Already a member? Please login below for an enhanced experience. Not a member? Join today
Menu

'Curiosity' is not just a Mars Rover'Curiosity' is not just a Mars Rover

I admit I’m a wannabe astronaut. I grew up in the ‘60s reading science fiction and thinking that space would become my stomping ground. I remember watching Neil Armstrong’s first walk on the moon.

Now a bold and younger (than me) group of scientists have accomplished another extraordinary feet, landing a roving laboratory named Curiosity on Mars. Whether because of its simple yet imagination-provoking name or the magnitude of the technical accomplishments, coming at a time when we need more than a little success in our world, Curiosity has again evoked wonder in people for things outside their normal everyday world.

The word “curiosity” means inquisitiveness. As a business owner I am naturally inquisitive about things outside my everyday realm. Roving outside our narrowly defined flight training industry allows me to learn how other kinds of businesses operate, what struggles they have, or their strategies for success. By straying outside the world of flight training, I can compare and contrast my business operations, find new ideas, and maybe even learn a few tricks along the way.

For example, roving to the National Restaurant Association website I learned that September is National Food Safety Month and the theme this year is “Be safe, Don’t Cross-contaminate.” The association’s research showed that 96 percent of adults wanted to know the restaurants they visited trained employees in food safety. Eighty-one percent say they will be more likely to visit a restaurant that trains all of its employees, and 76 percent say they would be more confident in restaurants that displayed employee training certificates in public areas.�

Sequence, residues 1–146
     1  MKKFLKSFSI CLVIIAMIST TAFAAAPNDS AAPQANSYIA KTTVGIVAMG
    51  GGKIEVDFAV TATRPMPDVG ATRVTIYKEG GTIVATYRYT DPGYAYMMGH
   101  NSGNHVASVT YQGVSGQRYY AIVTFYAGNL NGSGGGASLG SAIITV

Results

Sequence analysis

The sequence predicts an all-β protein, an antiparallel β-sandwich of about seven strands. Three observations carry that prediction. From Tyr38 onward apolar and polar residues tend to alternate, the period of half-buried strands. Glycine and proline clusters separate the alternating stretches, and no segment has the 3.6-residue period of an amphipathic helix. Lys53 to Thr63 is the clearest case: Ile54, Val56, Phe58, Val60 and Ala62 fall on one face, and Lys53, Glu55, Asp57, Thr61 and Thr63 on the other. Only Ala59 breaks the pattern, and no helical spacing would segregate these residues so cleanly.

The take-away: It won’t hurt to remind my customers that my employees and I are receiving ongoing safety training too! When we take FAA and Air Safety Institute courses, I will be sure to post our certificates in a public area. In fact, why not reserve a section of wall to post all of our customer’s safety seminar certificates too?

Then there’s the Recreational Vehicle Industry Association (not to be confused with the Van’s RV aircraft groups). Here I found some great celebrity quotes about RVing. Drew Barrymore said, “It was one of the most fun, soul-fulfilling, entertaining, interesting experiences of my life!”Matthew McConaughey said, “There's nothing not to like about it. The freedom of being able to pull up, stop, power up, anywhere you want—beach or whatever. Set up and have your front yard different every single day. Whatever you want it to be, and to see the country that way—it’s awesome.”�

While my school does not have celebrities talking up the wonders of their flying experiences, I bet I can find more than a few customers with similar feelings toward flying who would provide quotes—why not post them on our Facebook page and website?

Then there were these revelations taken from the Entertainment Software (video game) Industry website.

  • The average age of the most frequent game purchaser is 35 years old.
  • Forty-seven percent of all game players are women. In fact, women over the age of 18 represent a significantly greater portion of the game-playing population (30 percent) than boys age 17 or younger (18 percent).
  • Researchers have found that video games have real potential as next-generation learning tools. More than just play, entertainment software helps impart knowledge, develop life skills, and reinforce positive habits in students of all ages.

This makes me wonder:

  • If we have time to play video games why not make time to fly?
  • If interactive video games are capable of improving learning, when will our industry develop them for aviation training?
  • If women are a significant portion of the game-playing population, why isn’t the flight training industry putting more marketing and advertising dollars into targeting them via the games they are playing?

The day-to-day running of a business can make us all a little myopic and road-weary, but exploring is exciting and you really never know what curious or amazing things you might discover. Be curious and never cease to wonder.

Dorothy Schick is the owner of the TakeWING Aviation Club in Creswell, Ore.

Related Articles